bool IsComplete = false;
            Semaphore l_SemaPhore = (Semaphore)objSemaphore;
            while (!IsComplete)
            {
                if (l_SemaPhore.WaitOne(200, false))
                {
                  try
                  {
                    listBox1.BeginInvoke(new ParameterizedThreadStart(UpdateUI), 
					new object[] 
                      {"Thread ID : " + 
		    Thread.CurrentThread.ManagedThreadId.ToString() + " : Entered" });
                    Thread.Sleep(500);
                   }
                   finally
                   {
                     l_SemaPhore.Release();
                     listBox1.BeginInvoke(new ParameterizedThreadStart(UpdateUI), 
					new object[] 
                       { "Thread ID : " + 
		     Thread.CurrentThread.ManagedThreadId.ToString() + " : Exit" });
                     IsComplete = true;
                    }
                }
                else
                {
                  listBox1.BeginInvoke(new ParameterizedThreadStart(UpdateUI), 
					new object[] 
                  {"Thread ID :"+Thread.CurrentThread.ManagedThreadId.ToString() + 
				": Waiting To enter"});
                }
            }
} 
public void UpdateUI(object objOutput)
{
   listBox1.Items.Add(objOutput.ToString());
}

Testing the Code

Semaphore can be tested easily. Run the application and press all buttons one by one and see the effect of semaphore which controls the total number of threads that can execute some block of code simultaneously. Semaphore is a resource based synchronization technique and its system wide synchronization resource.

History

  • 19th November, 2011: Initial post

License

This article, along with any associated source code and files, is licensed under The Code Project Open License (CPOL)

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About the Author

Pranjit Kalita
Software Developer Sapient Corporation Pvt. Ltd.
India India
Software Devloper sience 2006. Experience on VB 6.0,C# Web, Windows and Distributed application like WCF etc. Currently working at Sapient Corporation Pvt. Ltd
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Comments and Discussions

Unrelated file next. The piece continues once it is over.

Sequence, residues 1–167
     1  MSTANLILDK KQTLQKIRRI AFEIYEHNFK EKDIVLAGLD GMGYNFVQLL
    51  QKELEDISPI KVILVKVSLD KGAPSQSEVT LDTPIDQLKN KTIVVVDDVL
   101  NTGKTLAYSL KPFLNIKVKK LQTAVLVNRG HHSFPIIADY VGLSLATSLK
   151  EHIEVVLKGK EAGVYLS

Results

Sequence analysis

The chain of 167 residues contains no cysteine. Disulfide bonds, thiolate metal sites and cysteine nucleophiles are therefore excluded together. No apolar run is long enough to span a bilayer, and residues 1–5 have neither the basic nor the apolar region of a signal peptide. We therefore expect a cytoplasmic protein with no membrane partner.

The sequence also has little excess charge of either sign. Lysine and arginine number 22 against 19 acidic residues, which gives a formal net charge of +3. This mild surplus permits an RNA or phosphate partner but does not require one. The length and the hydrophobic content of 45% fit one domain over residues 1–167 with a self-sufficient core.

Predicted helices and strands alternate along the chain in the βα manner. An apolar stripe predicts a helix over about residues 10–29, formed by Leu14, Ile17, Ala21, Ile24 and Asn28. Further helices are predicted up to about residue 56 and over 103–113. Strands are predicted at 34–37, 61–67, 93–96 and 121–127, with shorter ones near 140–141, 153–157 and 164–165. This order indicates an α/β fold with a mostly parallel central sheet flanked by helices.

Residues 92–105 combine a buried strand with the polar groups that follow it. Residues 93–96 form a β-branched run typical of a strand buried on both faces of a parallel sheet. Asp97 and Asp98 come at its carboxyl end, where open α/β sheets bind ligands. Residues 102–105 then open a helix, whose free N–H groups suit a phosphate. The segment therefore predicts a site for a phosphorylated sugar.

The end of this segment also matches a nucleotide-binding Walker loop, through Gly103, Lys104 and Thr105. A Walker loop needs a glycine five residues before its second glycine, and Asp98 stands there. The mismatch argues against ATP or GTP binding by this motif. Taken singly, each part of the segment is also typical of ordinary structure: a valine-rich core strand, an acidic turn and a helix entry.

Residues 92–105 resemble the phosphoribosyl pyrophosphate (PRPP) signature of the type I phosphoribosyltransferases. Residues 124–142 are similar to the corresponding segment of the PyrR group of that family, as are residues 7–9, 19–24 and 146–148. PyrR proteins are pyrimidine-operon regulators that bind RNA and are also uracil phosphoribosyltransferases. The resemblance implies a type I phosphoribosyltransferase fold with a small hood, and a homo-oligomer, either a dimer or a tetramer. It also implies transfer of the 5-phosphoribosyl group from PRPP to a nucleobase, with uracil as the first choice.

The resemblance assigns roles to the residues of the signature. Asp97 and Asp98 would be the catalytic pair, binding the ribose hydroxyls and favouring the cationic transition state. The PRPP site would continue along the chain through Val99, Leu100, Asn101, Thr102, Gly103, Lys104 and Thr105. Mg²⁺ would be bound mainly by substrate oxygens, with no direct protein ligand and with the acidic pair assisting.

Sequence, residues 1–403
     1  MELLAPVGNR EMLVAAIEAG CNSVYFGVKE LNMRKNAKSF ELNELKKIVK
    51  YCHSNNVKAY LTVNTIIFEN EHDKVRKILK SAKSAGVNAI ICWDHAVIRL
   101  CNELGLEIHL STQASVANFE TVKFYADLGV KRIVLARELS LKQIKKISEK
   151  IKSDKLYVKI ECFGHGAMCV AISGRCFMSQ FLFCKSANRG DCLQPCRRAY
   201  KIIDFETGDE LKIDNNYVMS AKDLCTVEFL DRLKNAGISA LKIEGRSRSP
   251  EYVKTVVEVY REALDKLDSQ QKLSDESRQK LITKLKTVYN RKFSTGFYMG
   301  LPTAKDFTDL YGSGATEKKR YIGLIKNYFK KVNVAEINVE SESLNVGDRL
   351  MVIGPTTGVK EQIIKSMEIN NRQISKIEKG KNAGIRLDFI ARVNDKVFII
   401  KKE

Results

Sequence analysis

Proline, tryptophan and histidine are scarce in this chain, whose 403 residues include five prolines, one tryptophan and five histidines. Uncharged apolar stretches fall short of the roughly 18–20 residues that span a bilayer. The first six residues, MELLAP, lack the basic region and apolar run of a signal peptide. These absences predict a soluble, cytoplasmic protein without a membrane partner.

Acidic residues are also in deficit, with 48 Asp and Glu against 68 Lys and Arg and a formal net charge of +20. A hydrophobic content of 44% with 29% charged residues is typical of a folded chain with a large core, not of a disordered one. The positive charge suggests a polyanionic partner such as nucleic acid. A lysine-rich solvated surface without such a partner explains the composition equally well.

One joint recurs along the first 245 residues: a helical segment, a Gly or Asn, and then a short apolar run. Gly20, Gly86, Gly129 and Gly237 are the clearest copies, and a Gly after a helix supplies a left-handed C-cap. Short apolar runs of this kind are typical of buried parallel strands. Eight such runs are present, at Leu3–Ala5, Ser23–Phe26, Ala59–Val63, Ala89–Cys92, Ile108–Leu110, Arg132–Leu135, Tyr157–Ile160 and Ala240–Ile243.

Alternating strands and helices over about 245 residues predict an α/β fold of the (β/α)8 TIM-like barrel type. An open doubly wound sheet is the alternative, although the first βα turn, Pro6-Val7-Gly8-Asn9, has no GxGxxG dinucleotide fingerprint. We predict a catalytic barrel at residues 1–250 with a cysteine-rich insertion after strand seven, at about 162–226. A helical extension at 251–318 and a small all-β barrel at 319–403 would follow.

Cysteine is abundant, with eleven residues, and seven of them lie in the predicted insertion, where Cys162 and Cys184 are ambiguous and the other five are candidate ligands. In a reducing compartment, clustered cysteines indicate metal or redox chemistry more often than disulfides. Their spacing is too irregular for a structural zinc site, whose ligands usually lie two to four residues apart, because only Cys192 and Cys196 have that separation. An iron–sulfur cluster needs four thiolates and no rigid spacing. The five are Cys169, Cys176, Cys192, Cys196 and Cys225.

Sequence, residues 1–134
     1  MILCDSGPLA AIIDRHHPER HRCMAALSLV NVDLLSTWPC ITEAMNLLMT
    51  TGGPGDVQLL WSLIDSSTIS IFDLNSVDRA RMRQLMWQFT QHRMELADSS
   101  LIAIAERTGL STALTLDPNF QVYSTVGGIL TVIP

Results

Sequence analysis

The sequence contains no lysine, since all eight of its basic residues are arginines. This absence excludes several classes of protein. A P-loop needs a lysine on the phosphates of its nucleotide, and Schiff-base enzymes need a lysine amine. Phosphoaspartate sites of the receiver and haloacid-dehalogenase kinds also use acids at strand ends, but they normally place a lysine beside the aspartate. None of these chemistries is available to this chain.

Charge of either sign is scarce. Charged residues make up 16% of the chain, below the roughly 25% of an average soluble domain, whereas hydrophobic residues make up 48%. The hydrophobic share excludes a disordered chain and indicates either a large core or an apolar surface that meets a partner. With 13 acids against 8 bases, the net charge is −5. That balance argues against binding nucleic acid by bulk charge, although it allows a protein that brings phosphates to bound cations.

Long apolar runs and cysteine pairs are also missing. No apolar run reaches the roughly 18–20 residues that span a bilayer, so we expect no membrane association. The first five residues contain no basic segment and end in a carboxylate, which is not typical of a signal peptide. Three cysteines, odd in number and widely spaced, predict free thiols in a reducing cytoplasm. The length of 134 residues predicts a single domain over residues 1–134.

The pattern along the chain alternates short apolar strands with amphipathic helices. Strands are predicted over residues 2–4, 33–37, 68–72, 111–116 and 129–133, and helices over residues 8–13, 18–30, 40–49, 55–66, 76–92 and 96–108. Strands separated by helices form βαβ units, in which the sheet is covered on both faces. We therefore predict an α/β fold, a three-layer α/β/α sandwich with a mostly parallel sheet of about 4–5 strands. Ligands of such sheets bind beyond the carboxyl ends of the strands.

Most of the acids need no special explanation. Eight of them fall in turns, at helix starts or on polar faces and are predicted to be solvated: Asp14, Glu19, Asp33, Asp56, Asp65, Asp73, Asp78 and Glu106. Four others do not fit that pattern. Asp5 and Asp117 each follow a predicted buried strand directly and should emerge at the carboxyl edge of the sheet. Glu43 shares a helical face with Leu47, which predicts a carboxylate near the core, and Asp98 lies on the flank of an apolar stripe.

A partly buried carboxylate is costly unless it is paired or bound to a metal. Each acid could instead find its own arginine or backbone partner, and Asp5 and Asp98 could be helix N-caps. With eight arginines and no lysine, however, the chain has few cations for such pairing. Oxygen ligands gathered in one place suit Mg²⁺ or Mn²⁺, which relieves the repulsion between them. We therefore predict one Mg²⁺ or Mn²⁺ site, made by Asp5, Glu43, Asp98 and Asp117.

QuestionMonitor.Wait and Monitor.Pulse Pinmembersupercat921-Nov-11 12:09 
Although the Monitor class can be used to supply a basic mutex lock (i.e. allow different threads to have MUTually EXclusive access to something), it also has another very useful feature, which is somewhat like a semaphore. In many cases, a thread may acquire exclusive access to a resource, and then discover that it can't proceed until some other thread has done something to that resource. As a simple example, one may have one thread which expects to put items into a queue and another thread that expects to take items out of the queue and process them. If the second thread goes to fetch an item from the queue but there's nothing there, it shouldn't waste CPU time checking the queue unless or until there's reason to believe that someone else has added something to it.
 
Although such situations can be handled via semaphores, they can often be handled more efficiently using Monitor locks and the Monitor.Wait and Monitor.Pulse/PulseAll methods. Any comparison between monitor locks and semaphores should include those methods. Using them, one can make a monitor lock behave a lot like a semaphore. The biggest features that semaphores provide which monitor locks fundamentally cannot are:
  1. Semaphores can be used to synchronize threads running in different application domains. Monitor locks cannot.
  2. It's possible for a thread to wait on multiple semaphores (or other synchronization objects that inherit from WaitHandle), and "wake up" as soon as any of them gets signaled. By contrast, a thread can only wait on one monitor lock at a time.
If one needs these features, a semaphore can be good. Otherwise, monitor locks can be more efficient. Note that if one wants semaphore semantics but doesn't need the above features, it may be possible to use a SemaphoreSlim in newer versions of .net.
QuestionWhen one should use a semaphore? PinmemberPaulo Zemek21-Nov-11 1:10 
GeneralMy vote of 3 PinmemberNaerling19-Nov-11 3:15 
GeneralRe: My vote of 3 PinmemberPranjit Kalita24-Nov-11 3:53 
GeneralRe: My vote of 3 PinmemberNaerling24-Nov-11 7:05